The Mohawk Council of Kahnawake implemented a system of governance based on consensus decision-making called the Community Decision Making Process (CDMP), as both a declaration of sovereignty and as a refusal of colonial forms of governance.
Problems and Purpose
The Community Decision Making Process (CDMP) is a transitionary measure developed by the Mohawk of Kahnawake (Kanienkehaka) in order to achieve self-government. It is a consensus-based law-making process that bridges traditional practices and the modern world. By integrating principles of respect for both individual thinking and unanimity in decision making used by their ancestors, the Mohawk of Kahnawake have created a form of participatory democracy that represents their capacity to adapt. The CDMP empowers community members to take part in the revision and creation of legislation along with other community leaders and stakeholders such that the products of the CDMP are formulated by the community, for the community.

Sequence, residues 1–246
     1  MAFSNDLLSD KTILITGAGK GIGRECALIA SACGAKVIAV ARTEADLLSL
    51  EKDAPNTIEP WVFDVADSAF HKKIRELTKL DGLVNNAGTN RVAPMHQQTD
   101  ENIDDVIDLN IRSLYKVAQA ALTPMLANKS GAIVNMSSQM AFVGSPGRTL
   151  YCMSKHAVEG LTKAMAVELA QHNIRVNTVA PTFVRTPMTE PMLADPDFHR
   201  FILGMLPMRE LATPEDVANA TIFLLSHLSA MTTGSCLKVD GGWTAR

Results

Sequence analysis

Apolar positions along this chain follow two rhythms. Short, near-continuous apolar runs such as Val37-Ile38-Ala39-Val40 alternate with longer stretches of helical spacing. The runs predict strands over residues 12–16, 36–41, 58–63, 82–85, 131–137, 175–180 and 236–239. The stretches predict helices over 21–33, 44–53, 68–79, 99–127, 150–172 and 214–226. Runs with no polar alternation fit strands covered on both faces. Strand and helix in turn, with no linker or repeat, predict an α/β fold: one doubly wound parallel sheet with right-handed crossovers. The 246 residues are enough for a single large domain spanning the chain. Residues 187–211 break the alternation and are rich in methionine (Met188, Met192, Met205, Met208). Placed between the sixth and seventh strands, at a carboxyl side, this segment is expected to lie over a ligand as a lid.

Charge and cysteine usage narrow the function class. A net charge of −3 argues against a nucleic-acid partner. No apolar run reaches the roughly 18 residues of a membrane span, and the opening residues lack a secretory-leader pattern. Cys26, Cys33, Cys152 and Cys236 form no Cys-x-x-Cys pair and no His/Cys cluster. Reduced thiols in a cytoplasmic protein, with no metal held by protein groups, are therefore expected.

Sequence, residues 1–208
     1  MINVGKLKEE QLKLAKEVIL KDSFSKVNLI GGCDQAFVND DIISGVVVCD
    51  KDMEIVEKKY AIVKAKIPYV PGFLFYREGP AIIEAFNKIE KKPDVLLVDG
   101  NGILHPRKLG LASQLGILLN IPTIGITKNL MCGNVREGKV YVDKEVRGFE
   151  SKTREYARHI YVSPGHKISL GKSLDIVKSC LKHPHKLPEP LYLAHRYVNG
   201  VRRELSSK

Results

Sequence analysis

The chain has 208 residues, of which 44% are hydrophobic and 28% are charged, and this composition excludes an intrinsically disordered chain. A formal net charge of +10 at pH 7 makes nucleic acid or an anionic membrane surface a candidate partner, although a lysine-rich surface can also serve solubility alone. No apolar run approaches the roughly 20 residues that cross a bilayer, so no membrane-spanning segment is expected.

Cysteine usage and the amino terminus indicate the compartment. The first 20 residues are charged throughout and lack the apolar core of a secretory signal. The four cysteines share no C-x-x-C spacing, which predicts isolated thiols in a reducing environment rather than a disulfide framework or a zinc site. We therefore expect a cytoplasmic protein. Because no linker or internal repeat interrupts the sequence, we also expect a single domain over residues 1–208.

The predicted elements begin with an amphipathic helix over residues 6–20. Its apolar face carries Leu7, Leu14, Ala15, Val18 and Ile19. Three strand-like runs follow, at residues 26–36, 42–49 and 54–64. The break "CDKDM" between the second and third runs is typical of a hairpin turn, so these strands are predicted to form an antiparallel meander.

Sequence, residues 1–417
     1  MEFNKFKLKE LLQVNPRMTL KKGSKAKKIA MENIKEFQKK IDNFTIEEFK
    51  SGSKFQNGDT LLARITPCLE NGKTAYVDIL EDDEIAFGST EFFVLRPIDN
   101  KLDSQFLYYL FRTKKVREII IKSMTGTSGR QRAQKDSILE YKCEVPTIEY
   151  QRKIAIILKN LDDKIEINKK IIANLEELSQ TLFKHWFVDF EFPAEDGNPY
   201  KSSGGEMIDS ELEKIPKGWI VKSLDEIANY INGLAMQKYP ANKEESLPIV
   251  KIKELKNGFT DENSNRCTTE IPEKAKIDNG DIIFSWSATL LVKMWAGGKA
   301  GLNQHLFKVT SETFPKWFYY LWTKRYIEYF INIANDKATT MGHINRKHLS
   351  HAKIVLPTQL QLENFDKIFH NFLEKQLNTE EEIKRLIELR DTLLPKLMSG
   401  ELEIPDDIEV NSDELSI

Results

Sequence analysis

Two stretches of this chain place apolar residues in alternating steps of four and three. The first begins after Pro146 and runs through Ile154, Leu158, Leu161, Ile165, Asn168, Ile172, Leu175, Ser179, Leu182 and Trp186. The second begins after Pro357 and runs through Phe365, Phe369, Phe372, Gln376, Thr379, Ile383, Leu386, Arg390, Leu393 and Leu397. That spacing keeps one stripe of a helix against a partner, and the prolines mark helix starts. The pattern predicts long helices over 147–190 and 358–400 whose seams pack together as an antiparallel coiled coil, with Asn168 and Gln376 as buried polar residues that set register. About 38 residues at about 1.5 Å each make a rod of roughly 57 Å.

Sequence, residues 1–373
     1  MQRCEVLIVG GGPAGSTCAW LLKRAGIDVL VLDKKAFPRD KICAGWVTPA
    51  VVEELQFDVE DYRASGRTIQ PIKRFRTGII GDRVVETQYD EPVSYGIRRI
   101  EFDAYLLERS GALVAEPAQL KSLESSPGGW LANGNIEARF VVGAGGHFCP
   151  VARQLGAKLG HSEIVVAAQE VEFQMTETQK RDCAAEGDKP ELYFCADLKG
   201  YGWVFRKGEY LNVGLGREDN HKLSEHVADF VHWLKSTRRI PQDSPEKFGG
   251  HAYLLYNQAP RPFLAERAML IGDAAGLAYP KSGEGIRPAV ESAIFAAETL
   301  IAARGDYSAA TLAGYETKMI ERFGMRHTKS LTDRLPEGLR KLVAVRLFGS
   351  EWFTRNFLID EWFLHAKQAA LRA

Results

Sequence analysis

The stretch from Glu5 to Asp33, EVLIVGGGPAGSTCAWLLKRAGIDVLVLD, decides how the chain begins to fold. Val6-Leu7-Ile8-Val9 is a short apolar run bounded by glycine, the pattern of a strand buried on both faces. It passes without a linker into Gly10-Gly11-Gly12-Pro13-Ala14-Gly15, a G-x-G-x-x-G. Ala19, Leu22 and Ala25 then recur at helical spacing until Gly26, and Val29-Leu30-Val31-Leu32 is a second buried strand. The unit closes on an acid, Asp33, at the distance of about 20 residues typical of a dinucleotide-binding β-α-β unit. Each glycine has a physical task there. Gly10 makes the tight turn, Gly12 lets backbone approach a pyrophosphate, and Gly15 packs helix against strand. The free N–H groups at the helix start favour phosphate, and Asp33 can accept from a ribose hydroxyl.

The Kanienkehaka have resisted the institutional dominance of the Canadian government. They deny the legitimacy of the Indian Act, specifically the sections that relate to their jurisdiction in matters of legislation and enforcement. As such, the Mohawk Council of Kahnawake gave the Kahnawake Justice Commission the power to create laws for the people. However, when the community expressed discontent with their lack of involvement in the law-making process and expressed a desire to return to more traditional forms of governance, the Mohawk Council of Kahnawake mandated the development of a community decision making process. The grassroots process was developed with the community and holds their involvement at its core. It is consensus-based and integrates traditional principles with contemporary decision-making practices. Throughout its development and even through current iterations, the CDMP has significantly evolved, and continues to do so with the input of community members. The results of the process are the implementation of new and reviewed legislation that directly affects the community. However, those members intended to represent the community that take part in the decision-making process are self-selected and their capacity to speak for others is often scrutinized. Other critiques address the lengthy process and limited funding. As part of the path towards self-government and participatory innovation, the CDMP seeks evolve as it is shaped by community needs.